History tells us that the likelihood of most companies surviving much beyond the founder’s involvement is slim. Many businesses get bought, absorbed into other companies or simply fail. In fact, according to John Elkann at Fiat, only 49 companies per million last beyond 100 years.
If you were able to audit your own probability of remaining innovative would you?
Unicorns, like Amazon, are big news today, but even they could fail to thrive once the founder is no longer involved. While Jeff Bezos runs Amazon. Larry Page and Sergei Brin guide Google, Howard Shultz is at Starbucks, Mark Zuckerberg sits at the top of Facebook and Yvon Chouinard runs Patagonia the new ‘normal’ looks OK. If they move on, then what?
Put into context, what’s your gut feeling about Uber and AirBnB lasting longer than their unicorn status? Recent market reports about saturation and financial results already suggest that Tim Cook needs to change something in The Valley if Apple is to maintain its unique consumer appeal.
As growth starts to get harder established companies need to consider their consumers more actively: i.e. to put innovation at their core. Often, they do the opposite. The tendency, after the visionary entrepreneur leaves and the money-men take control, is to respond to anticipated competitive threat.
Seeing competition developing and moving to defend a market position with a similar proposition is the sales target-driven, fast-follower route to product development.
Here’s a blog about that ‘Product trends trending. Competitor confirmation bias.‘
Established companies can’t bring themselves to put decision-making responsibility into the hands of one person and so creativity suffers. Whereas owner-operators won’t shy away from the big decision. If something needs doing to protect and grow a business, an owner will step up.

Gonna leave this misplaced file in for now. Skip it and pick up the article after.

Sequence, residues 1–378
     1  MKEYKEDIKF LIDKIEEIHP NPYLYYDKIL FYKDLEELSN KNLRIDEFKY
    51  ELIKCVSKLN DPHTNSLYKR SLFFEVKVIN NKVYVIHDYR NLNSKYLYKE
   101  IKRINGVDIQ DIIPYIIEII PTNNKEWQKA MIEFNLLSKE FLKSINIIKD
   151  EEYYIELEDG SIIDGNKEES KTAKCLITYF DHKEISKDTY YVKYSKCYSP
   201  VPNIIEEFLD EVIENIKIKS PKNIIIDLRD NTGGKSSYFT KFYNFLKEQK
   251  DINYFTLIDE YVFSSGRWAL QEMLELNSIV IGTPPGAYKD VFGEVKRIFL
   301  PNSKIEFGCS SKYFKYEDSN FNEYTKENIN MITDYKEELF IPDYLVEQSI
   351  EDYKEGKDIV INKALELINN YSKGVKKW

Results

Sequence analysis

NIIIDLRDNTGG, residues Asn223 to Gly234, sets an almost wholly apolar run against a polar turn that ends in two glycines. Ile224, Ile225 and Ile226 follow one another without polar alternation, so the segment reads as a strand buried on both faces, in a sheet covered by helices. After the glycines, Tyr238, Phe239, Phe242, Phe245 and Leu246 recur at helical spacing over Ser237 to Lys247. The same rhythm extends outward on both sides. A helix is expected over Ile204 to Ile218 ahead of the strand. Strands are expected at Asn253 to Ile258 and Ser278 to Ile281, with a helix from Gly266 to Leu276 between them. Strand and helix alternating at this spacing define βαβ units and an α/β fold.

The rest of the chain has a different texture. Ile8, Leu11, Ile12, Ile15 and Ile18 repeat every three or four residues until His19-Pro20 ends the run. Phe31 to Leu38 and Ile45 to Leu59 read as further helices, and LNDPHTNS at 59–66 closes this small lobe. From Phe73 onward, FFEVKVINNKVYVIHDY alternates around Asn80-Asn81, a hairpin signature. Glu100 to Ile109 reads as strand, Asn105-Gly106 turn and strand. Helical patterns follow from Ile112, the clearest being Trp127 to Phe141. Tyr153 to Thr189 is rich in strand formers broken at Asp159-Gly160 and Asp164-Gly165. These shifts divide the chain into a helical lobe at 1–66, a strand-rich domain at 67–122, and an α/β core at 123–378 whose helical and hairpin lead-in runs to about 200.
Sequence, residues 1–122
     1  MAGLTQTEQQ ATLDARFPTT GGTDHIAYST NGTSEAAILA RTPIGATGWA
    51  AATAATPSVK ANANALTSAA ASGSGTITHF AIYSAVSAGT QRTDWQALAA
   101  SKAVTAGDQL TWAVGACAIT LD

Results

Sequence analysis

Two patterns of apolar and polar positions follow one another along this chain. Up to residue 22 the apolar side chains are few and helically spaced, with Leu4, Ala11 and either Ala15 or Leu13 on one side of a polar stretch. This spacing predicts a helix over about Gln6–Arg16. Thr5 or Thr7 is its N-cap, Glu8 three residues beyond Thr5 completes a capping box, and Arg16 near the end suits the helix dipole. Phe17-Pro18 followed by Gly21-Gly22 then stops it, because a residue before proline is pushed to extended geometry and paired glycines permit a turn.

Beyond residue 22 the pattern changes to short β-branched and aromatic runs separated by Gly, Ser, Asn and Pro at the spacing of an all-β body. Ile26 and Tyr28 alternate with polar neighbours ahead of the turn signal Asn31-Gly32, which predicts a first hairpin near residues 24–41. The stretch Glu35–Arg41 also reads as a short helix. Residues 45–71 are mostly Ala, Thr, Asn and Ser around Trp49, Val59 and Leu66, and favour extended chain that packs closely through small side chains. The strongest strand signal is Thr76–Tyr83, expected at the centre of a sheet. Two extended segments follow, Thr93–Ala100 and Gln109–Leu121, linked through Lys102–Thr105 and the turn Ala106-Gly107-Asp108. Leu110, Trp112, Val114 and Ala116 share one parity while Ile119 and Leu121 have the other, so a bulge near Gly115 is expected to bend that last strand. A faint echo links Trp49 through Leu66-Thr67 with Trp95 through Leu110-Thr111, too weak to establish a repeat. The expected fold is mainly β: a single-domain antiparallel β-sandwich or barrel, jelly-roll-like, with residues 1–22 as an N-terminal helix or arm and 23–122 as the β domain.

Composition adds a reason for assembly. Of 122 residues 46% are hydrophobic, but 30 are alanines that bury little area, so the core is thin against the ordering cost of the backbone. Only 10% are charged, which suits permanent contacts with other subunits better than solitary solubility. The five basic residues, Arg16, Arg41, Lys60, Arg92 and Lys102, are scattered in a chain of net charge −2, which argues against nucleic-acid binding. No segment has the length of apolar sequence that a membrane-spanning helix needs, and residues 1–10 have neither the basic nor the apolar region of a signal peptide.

This particular skill is really hard to replace. If the culture that sits around Jeff, Larry and Mark has got the company to where it is, who’s going to do that when they’re gone?
An answer is for the founder to help the team to treat innovation as the driver of strategic decisions: make strategy about consumer experience more than ROI. Get this right and ROI is the net result. Make ROI the driver and consumers will fall away.
Tools are available for this process to be successful. Sometime external moderation helps. We offer to start by running an innovation audit.
Auditing the way your company regards innovation and how it pushes initiatives into the market can be a key indicator of business sustainability.
“Creativity is having new ideas. Innovation is doing new things.” – Theodore Levitt.
Book some time here and I’ll personally talk you though it.
Seeing it differently. Future-proofing. It’s what we do.